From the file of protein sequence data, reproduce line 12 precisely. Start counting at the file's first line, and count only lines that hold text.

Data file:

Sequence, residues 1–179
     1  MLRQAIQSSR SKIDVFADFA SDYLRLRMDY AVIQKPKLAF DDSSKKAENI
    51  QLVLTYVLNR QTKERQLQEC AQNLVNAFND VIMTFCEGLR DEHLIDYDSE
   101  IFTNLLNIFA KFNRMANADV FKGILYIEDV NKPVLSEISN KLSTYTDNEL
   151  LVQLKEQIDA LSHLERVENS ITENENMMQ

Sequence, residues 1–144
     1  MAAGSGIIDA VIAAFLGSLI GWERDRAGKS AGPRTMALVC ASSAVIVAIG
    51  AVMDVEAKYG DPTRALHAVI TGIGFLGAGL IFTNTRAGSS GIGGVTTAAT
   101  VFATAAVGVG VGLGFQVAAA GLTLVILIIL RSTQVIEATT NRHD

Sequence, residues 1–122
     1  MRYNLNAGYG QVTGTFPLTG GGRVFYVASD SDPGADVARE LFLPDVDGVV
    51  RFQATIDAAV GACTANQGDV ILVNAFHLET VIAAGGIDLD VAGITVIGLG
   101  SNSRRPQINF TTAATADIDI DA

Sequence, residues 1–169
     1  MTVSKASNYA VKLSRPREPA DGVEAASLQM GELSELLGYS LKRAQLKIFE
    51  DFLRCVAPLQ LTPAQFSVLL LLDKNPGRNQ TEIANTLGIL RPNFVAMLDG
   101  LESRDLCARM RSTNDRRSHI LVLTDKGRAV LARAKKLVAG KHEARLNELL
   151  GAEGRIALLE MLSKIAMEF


    51  RFQATIDAAV GACTANQGDV ILVNAFHLET VIAAGGIDLD VAGITVIGLG